Insurers are coming under pressure to take all the steps necessary to ensure they don’t provide criminals with the means to launder illicit money.

While many in the insurance sector assume that money launderers are mainly focused on financial institutions such as banks, the facts tell a very different story. 

The problem for the insurance sector is one of perception. As businesses that sell policies, rather than managing a continuous flow of financial transactions, they don’t appear at first sight to be an obvious target for money launderers.

But the reality is that huge sums flow into and out of insurance contracts, which are often complex and can involve significant financial investment. 

Not surprisingly, the sector is increasingly being targeted by financial criminals. 

In 2021 two-thirds of insurance companies were subject to fraud or financial crime 

The fact is that criminals will use any institution as a vehicle to cover the tracks of their dirty money by any means, and through any means. This places all sub-sectors under the financial services umbrella in the firing line, including insurance. 

Yet many in the insurance sector still maintain the perception that it is somehow less susceptible to anti money laundering (AML) activities than other areas of the financial world.  

In fact, according to PwC’s Global Economic Crime Survey 2022, around two-thirds of insurance companies were subject to fraud or some form of financial crime in the past year.  

The regulatory authorities are scrutinising insurers’ AML practices and handing out stiff penalties 

Large amounts of money continually flow in and out of insurance contracts, providing money launderers with the opportunity to clean illicit funds.

High-value items purchased with fraudulent money can be wrongfully claimed and reimbursed by insurance companies to clean the funds. Cooling periods, enforced by regulators, dictate insurers must refund paid premiums when cancellations are committed in a set time, providing another clean source. While policy loans do not need the same due diligence as traditional lending processes.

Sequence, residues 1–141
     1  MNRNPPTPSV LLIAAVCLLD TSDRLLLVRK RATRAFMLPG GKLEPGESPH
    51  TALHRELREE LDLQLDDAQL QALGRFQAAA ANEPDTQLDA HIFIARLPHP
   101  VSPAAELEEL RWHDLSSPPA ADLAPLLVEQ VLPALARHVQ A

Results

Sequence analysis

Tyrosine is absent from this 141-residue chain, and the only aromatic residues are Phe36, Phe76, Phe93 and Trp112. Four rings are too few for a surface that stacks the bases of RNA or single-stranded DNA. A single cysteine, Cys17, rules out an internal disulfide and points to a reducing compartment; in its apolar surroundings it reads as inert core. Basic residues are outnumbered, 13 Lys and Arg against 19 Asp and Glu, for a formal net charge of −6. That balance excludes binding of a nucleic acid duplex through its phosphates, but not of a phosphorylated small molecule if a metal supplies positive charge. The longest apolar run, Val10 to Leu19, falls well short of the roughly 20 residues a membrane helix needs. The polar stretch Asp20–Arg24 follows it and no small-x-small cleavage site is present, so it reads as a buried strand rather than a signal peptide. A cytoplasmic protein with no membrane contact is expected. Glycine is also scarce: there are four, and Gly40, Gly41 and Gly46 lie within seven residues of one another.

These are just some ways in which money launderers exploit insurance offerings for nefarious means. 

The regulatory authorities understand this all too well. As a result, they are increasingly examining insurers’ AML processes and practices and handing out stiff penalties where they find failings.

“In 2021, Cardif, the life and casual insurance subsidiary of French bank BNP Paribas, was hit with a €2.5m fine over AML failings. In the UK, the global insurance services firm Crawford & Company, also faced enforcement action last year for AML compliance missteps.” 

Regulatory bodies across the world are beginning to clamp down

While in most cases, UK insurers aren’t subject to the Money Laundering Regulations regime, the sector still has responsibilities under the Proceeds of Crime Act to report suspicious activities.

Insurers and intermediaries lacking the controls to prevent financial crime are at risk of committing money-laundering offences. Since 2009, the UK’s Financial Conduct Authority has taken enforcement action against four insurance intermediaries for failing to manage corruption risk.  

On a worldwide scale, the Financial Action Task Force (FATF) has outlined risk-based approaches for the insurance industry for at least four years. 

The European Union’s 6th Anti Money Laundering Directive (6AMLD) came into effect across the bloc on 6 December 2020 and explicitly sets out who is covered by the regulation with insurance companies and insurance intermediaries expressly included. 

In the US, the Bank Secrecy Act sets out a range of in-scope products where there are strict transaction monitoring requirements. For insurers, these include most permanent life insurance policies, annuity contracts and any insurance product that has a cash value of investment features. 

While in the Asia Pacific region some regulators are taking a similar stance, with the Monetary Authority of Singapore also setting out specific regulations for AML compliance across the insurance sector. 

In order to spot money laundering, the first step is to recognise your vulnerabilities

Clearly insurers are increasingly coming under pressure to demonstrate they are taking all the steps necessary to ensure they don’t provide criminals with the means to launder their illicit money.

To help you in your endeavours we have compiled an in-depth report on AML Vulnerabilities in the Insurance Sector.

 In this spotlight report, we cover: 
• Where insurers may be vulnerable to AML risk
• The regulatory environment
• How to ensure compliance with AML regulation 
• How automation can help 

For your free copy click here.

Once you know your AML vulnerabilities, you need the latest processes to monitor all your transactions

Identifying all AML vulnerabilities is an important element of your overall risk screening strategy, but it should all centre around the implementation of the very latest automated AML & KYC screening solution. 

“It all starts by identifying vulnerabilities through informed due diligence, and ends with advanced transaction monitoring through the implementation of automated technology.” 

The compliance landscape is constantly shifting as sectors such as insurance find themselves increasingly under regulatory scrutiny.

Failure to ensure that you have the capability to screen comprehensively at scale could have major implications, not just in terms of regulatory fines but also in long-term damage to the reputation of your business. 

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